GIVEN ALL the building demolition in Baltimore these days, it's something of a miracle that the former Greyhound bus garage survived the wrecking ball. But survive it did, and yesterday it opened as the setting for the Maryland Historical Society's Heritage Gallery, home of the bicentennial exhibit "Baltimore Inc."
The 6,000-square-foot gallery is the first phase of a renovation of the 1941 bus garage at Park Avenue and Centre Street, a companion to the former Greyhound bus station at Howard and Centre streets.
Its $2.3 million conversion to a museum annex is a preservation success story that took a number of twists and turns before reaching its happy conclusion.
It represents a particularly proud moment for Donna Beth Joy Shapiro, a local preservationist who worked tirelessly to save the bus station and garage. But many others also were influential.
Shapiro used a number of tactics to make sure the two-building complex wouldn't be forgotten after Greyhound Corp. moved out and sold it to the city in the 1980s.
She called city officials weekly to make sure the buildings were kept in good repair and free of trash and weeds. She even held a news conference there, with her own greyhound, Hannah, to call attention to the building's plight.
"I was just trying to keep a dialogue going -- with whoever would listen," she said this week. "Some people thought I had completely lost my mind. But if I hadn't stood up for them, the Greyhound station and garage wouldn't be there today."
Shapiro said she was grateful to Al Copp, former president of the Center City-Inner Harbor Development Corp., for heading the city's effort to find users for both buildings. She said Copp was always responsive to her when she called and did much to protect the Greyhound garage.
She also credits Baltimore's Commission for Historical and Architectural Preservation, and the Mount Vernon-Belvedere Improvement Association for adding the buildings to the historic district and working to safeguard them.
Prospects for the block picked up in the early 1990s, when the bus station was converted to offices by developer Elinor Bacon.
The garage got some welcome exposure in 1991, when the city allowed it to be used as a temporary exhibit space for the Contemporary, a local museum that mounts exhibits in unconventional spaces.
The decision to use the Greyhound garage, which was made by museum directors George Ciscle and Lisa Corrin, and the interior design by architect Steve Ziger were instrumental in showing the building's potential.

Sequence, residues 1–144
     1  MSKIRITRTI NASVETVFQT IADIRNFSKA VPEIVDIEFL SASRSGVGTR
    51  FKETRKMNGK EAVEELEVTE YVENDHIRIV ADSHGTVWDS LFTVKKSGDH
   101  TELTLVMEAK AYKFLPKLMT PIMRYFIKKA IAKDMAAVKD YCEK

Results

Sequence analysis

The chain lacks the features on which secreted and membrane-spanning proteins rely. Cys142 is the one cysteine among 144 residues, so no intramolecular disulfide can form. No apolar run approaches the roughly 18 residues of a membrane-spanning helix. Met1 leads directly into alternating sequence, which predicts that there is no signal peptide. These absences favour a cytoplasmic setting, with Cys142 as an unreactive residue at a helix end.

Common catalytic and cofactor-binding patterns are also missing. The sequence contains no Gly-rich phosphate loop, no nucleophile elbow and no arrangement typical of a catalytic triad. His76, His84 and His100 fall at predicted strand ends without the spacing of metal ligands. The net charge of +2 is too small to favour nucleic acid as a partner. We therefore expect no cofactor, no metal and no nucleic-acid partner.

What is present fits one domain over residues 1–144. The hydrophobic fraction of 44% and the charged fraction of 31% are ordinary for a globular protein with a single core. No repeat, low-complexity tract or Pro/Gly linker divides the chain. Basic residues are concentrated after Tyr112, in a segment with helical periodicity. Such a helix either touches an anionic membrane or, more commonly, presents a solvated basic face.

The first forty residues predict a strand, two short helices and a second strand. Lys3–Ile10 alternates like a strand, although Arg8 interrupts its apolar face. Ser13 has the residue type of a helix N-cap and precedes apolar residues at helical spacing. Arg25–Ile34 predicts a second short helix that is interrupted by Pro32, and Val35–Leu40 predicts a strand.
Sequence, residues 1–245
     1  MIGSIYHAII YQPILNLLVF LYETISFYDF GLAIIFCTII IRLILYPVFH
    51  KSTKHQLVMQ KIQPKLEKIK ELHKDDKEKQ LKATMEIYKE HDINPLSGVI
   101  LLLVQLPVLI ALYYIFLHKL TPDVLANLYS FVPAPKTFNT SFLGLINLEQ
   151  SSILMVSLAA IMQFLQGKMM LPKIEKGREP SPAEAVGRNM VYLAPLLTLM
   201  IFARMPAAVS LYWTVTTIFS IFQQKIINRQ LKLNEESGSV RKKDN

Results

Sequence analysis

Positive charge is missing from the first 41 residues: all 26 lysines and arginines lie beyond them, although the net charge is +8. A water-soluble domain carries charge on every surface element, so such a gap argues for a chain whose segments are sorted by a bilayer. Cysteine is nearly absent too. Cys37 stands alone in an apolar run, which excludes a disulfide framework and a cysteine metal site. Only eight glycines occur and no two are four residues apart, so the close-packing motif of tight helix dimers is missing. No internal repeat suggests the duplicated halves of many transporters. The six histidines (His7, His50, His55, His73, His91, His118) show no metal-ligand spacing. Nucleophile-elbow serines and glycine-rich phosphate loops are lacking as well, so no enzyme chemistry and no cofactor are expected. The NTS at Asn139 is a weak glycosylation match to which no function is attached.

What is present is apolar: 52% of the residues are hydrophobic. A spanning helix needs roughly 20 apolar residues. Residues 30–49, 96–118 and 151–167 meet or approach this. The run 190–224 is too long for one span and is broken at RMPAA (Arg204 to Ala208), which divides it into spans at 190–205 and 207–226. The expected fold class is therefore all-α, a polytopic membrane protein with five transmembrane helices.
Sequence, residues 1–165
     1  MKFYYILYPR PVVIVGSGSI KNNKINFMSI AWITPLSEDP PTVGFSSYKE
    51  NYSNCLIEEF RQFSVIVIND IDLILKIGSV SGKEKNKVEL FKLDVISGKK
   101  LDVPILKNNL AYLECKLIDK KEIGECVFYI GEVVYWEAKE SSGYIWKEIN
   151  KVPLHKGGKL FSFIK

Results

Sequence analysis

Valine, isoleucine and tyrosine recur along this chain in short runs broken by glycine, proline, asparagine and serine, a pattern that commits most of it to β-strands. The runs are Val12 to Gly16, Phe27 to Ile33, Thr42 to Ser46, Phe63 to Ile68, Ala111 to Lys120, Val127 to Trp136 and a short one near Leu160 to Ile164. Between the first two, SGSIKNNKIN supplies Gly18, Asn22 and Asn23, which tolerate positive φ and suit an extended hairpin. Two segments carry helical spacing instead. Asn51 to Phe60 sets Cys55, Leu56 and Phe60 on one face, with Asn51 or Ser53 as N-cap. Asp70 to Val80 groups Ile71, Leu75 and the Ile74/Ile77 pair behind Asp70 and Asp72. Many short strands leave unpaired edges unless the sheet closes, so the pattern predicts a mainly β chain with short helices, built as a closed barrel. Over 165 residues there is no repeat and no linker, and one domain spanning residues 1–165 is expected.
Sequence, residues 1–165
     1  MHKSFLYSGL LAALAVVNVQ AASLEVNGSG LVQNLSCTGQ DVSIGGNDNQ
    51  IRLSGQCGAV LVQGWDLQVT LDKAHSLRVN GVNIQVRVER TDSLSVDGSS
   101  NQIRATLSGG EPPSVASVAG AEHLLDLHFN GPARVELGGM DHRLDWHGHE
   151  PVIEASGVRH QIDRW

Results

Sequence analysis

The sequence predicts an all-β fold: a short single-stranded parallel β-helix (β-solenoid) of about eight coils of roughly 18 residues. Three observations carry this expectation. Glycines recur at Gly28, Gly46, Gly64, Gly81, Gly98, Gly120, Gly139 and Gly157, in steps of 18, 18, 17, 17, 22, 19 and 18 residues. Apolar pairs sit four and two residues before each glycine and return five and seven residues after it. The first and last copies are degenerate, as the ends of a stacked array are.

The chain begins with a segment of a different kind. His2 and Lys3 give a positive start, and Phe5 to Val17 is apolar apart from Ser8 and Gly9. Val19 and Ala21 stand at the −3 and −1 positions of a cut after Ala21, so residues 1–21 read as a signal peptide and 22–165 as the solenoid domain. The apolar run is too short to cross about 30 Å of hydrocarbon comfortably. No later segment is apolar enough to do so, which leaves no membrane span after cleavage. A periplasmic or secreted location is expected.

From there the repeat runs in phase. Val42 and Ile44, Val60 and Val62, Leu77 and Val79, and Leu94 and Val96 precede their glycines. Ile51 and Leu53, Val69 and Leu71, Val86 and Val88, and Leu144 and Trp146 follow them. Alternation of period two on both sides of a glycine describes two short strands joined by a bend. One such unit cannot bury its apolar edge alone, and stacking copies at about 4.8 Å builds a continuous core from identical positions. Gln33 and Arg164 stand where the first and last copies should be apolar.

"That was a turning point," Shapiro said. "After that, there was a lot more interest in it."
When a 1993 snowstorm caused part of the garage's timber roof to collapse, Daniel P. Henson III, the city housing commissioner, decided it was worth saving rather than scrapping, and his agency hired contractors to make repairs.
In 1995, Mayor Kurt L. Schmoke donated it to the Historical Society as part of his Avenue of the Arts campaign.
The society moved quickly to renovate the garage, with Grieves Worrall Wright and O'Hatnick as the restoration architect. The Heritage Gallery space was designed by John Klink, an exhibit designer with the Walters Art Gallery.
The lesson of this chronology is that preservation doesn't happen by itself. It is usually the result of a concerted effort by many people who work quietly behind the scenes and receive little or no credit -- but deserve plenty.
At a preview last week, Dennis Fiori, Historical Society executive director, said he hadn't initially expected to open any part of the building for several years, but that others at the Historical Society prompted him to move faster when they saw the space.
With 18,000 square feet under one roof, "it is one of the finest museum spaces in the state now, and we are very privileged to have it," Fiori said.
Shapiro said she, too, was pleased that it turned out this way. She particularly likes the way the old Greyhound symbol has been salvaged from the Howard Street side of the bus station and erected atop the garage.
"Over the years, I've been involved in a lot of efforts that seemed far-fetched, like saving the Camden Yards warehouse," she said. "But a bus garage? It seemed hopeless. I think that's why people don't get involved in preservation, because they think it's a hopeless cause.
"When I die and someone writes my obituary," she added, "they need only mention two buildings: the [now razed] McCormick spice factory and the Greyhound complex. These are the two biggies in my life. I lost McCormick, but I'll always have Greyhound."
Pub Date: 5/15/97